According to Red Carpet Kids Concierge, the services are designed to educate and stimulate kids’ creative juices.

“My mission is to bring back innocence,” says co-founder Eva Shure. “Let kids be kids. I hate how technology has a grasp on kids.”

But not financial constraints.

One family from the United Arab Emirates ponied up $50,000 a year to keep the company on retainer. Last summer, they rented a luxury charter yacht so that their son — who was obsessed with pirates — could play Jack Sparrow of the “Pirates of the Caribbean” movies.

There was even a mock attack staged by smaller vessels with well-trained actors in full pirate regalia — peg legs, gold teeth and “arr matey” lingo were all part of the package deal — as well as a private chef on the yacht.

“That 8-year-old kid is going to remember being a pirate on the Hudson for the rest of his life,” says Shure.

Maybe, but all this extravagance has experts concerned.

“Parents are layering the icing before they have made the cake,” says Kathryn Smerling, a family therapist based on the Upper East Side.

“Special events happen, but no child will appreciate the simplicities of the joy of sharing an intimate experience with a parent if this is the norm.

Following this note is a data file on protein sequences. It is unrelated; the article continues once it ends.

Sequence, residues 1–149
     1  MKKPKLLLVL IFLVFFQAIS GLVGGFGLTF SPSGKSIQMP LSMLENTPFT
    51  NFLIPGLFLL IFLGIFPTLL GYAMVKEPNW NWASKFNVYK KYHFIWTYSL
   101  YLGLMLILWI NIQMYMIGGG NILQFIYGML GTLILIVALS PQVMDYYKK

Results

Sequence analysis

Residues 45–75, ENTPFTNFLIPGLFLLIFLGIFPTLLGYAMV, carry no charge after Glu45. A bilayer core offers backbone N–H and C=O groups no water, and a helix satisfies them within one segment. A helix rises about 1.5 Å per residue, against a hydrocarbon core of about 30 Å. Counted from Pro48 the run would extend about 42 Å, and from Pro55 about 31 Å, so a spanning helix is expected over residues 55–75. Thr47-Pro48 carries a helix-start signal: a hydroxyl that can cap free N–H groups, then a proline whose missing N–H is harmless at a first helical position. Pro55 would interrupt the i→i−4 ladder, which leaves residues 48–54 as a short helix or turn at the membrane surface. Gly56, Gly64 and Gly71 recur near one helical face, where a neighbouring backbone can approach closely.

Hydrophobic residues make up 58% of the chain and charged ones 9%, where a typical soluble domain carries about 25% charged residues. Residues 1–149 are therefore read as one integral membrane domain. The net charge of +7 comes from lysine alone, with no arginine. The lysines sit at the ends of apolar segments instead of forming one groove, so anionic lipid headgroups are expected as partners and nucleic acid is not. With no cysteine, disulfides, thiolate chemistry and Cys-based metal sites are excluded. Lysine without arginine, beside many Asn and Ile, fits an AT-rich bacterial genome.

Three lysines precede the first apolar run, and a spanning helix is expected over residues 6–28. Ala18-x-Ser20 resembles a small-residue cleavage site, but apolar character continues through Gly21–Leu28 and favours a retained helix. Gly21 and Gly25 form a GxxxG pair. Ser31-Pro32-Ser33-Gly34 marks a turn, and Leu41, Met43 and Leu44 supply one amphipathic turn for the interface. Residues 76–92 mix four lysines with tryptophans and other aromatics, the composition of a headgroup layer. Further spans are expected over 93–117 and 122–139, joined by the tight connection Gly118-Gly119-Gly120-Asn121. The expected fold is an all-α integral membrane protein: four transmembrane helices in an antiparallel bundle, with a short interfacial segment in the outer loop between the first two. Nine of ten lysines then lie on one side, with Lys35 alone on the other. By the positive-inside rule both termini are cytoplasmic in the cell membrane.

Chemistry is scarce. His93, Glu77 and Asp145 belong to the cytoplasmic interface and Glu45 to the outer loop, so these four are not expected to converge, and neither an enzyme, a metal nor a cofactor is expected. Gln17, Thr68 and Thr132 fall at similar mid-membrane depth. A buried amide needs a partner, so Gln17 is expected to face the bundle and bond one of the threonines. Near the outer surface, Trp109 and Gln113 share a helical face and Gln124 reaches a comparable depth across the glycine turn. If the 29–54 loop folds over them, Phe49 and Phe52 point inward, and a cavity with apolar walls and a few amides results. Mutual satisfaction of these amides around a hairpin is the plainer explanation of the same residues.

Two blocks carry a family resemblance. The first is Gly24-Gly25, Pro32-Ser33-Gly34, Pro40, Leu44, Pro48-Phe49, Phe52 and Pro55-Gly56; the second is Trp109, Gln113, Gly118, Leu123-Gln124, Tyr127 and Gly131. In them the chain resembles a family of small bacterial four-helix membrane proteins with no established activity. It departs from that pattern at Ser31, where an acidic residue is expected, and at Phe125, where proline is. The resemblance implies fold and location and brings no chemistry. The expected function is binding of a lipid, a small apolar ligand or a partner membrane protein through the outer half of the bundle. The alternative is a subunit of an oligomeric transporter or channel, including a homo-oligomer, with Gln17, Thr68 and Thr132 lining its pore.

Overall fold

“Storytelling is a great parent-child activity — it enforces communication, attunement, literacy and the relationship — but outsourcing it . . . gives little value to story time as a profound bonding experience.”

Photo Credit: MIchael Sofronski

Photo Credit: MIchael Sofronski

That’s left to a ballooning concierge team of 30 — all independent contractors, many of whom are actors with child care experience who found Red Carpet Kids through the classifieds in Playbill.

It’s not uncommon for them to dress up as butlers, then do a quick-change into a magician’s robe for an imaginary trip to Wizard U — it’s all in a day’s work.

When studying Shakespeare at prestigious Carnegie Mellon, budding actor David Andrew Laws didn’t imagine that one day he’d be donning polyester tails, while minimasters of the universe laze in luxury for his role as “playdate valet.”


 – Upper East Side family therapist Kathryn Smerling on new luxury playtime perks

“Growing up in Kentucky, there wasn’t anything close to this,” says Laws, who serves his pint-size passengers fruit juice and Clif bars on demand. The kids “definitely want it to be an everyday thing.”

And while most of his charges are well-behaved, some are enfants terribles.

“Some of the kids will probably always refer to me as ‘butler,’ ” says Laws. “They say, ‘Bye, butler.’”

Still, co-founder Shure insists the concierge service does a child good. “Yes, it’s at a price point you don’t do every week, but you’re creating an heirloom memory.”

But, parents be warned: once you go “playdate valet,” it’s hard to go back.

“He still talks about it,” says Keaton’s mom, about introducing her impressionable youngster to the good life so soon. “Now he wants to know why we’re riding the subway and not having a guy in a tuxedo picking him up.”



Source:  NYpost